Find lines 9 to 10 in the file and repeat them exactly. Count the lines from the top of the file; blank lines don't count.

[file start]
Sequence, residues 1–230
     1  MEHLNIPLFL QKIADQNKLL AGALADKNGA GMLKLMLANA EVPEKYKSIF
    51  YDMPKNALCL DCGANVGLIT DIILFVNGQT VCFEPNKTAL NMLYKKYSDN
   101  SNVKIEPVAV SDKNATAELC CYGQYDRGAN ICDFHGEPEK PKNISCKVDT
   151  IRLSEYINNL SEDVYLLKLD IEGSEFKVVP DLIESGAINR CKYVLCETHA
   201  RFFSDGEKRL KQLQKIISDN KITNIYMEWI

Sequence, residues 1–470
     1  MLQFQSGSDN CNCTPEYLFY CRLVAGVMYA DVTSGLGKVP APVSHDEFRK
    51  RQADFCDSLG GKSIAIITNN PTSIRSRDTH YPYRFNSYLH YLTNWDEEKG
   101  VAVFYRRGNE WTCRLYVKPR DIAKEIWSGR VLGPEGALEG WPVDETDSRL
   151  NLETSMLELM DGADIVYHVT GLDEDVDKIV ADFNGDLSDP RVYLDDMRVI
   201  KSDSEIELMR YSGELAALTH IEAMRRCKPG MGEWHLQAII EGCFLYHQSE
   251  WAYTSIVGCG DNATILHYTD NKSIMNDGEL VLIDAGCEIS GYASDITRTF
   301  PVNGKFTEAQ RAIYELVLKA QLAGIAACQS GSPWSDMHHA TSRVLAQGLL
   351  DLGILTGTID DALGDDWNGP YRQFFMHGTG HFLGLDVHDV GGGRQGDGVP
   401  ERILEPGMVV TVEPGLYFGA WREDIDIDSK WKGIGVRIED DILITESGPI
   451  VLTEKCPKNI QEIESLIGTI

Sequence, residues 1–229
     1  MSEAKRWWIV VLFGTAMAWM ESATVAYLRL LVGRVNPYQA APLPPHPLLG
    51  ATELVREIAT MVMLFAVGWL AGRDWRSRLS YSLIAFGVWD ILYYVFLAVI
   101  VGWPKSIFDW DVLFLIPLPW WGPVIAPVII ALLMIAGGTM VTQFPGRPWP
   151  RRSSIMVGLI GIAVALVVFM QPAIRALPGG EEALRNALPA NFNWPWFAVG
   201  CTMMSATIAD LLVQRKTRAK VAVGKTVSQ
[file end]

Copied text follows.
    51  RQADFCDSLG GKSIAIITNN PTSIRSRDTH YPYRFNSYLH YLTNWDEEKG
   101  VAVFYRRGNE WTCRLYVKPR DIAKEIWSGR VLGPEGALEG WPVDETDSRL